For today’s post I a present a “UX mini-lesson” on how to conduct diary studies. We will cover the value of longitudinal data sets, and strategies to maximize the quality and number of diary entries from your participants.

What are Diary Studies defines a diary study as…

“Research method that involves providing participants with the materials and structure to record daily events, tasks and perceptions around a given subject in order to gain insight into their behavior and needs over time.”

The main benefit of diary studies is that they provide longitudinal data. That is, they can help you answer questions about user behavior and feelings over-time. This means, diary studies can help you answer questions like:

The other benefit to diary studies is that they don’t require a researcher to present to gather the data directly. There are other research methods, like contextual inquiries and ethnographies that can also help you gather longitudinal data, but they require the researcher to be present. For this reason, many people find diary studies to be less invasive than other methods. You can use diary studies to gather data about more private or intimate settings where a researcher’s presence would be awkward (ie. the home, bathroom, bedroom, etc.)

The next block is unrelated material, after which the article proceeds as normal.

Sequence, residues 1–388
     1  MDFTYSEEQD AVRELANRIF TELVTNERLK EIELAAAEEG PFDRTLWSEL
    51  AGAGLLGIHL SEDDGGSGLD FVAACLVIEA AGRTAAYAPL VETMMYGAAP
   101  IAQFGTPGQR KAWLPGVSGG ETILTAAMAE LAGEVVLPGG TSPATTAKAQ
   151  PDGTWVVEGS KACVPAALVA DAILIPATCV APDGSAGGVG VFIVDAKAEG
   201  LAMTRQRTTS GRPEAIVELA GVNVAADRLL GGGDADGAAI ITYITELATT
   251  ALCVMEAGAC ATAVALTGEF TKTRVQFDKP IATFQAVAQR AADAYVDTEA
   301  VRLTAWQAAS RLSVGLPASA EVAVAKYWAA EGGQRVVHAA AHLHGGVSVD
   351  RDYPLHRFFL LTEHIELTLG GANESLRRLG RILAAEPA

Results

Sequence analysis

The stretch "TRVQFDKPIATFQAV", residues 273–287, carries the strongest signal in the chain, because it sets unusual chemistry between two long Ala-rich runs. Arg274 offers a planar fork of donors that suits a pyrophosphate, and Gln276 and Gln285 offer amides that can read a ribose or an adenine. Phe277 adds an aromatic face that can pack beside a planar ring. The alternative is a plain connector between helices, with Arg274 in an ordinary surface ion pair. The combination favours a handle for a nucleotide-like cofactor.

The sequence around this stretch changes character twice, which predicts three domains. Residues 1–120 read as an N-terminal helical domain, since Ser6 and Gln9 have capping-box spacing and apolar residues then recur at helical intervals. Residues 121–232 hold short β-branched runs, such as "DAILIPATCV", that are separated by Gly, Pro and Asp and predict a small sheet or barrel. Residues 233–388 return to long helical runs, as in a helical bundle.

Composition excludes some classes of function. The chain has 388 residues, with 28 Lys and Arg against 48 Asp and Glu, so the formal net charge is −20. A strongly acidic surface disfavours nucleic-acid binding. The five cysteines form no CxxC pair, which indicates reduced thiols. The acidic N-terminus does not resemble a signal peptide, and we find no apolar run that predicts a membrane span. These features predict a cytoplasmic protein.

How to conduct a diary study

Diary studies can run anywhere from a weekend to several months long. And once a diary study is underway, there is very little opportunity to make adjustments. So you will want to take a lot of time to construct the study, prepare materials, and make sure your participants are ready. Here are the basic steps of conducting a diary study:

  1. Fully articulate the goals of the study. This will help you determine exactly what kind of data you’ll need to gather.
  2. Carefully construct your diary prompts and materials. This can be in the form of daily SMS messages, surveys, or paper forms.
  3. Run a pilot study on a few friends. Make sure they answer your diary prompts in the way you intended.
  4. Carefully recruit participants. Make sure they understand exactly what is expected of them and how to respond to the diary prompts.
  5. Check in with your participants regularly. You’ll also want to schedule a wrap-up interview at the end of the study to get their thoughts and impressions.
  6. Analyze the data. Diary studies can produce a lot of data, so you’ll want to leave plenty of time for this.

As with any type of research method, there are some potential risks. Here are some caveats to consider:


A diary study tool can be as cheap as an online survey that you share with your participants. Or it can be as expensive as a full-on research suite that handles recruitment, reminders, and data analysis. Here are a few of the diary study tools I have found to be effective:

More Reading

Here are some more articles to help you get started with diary studies:


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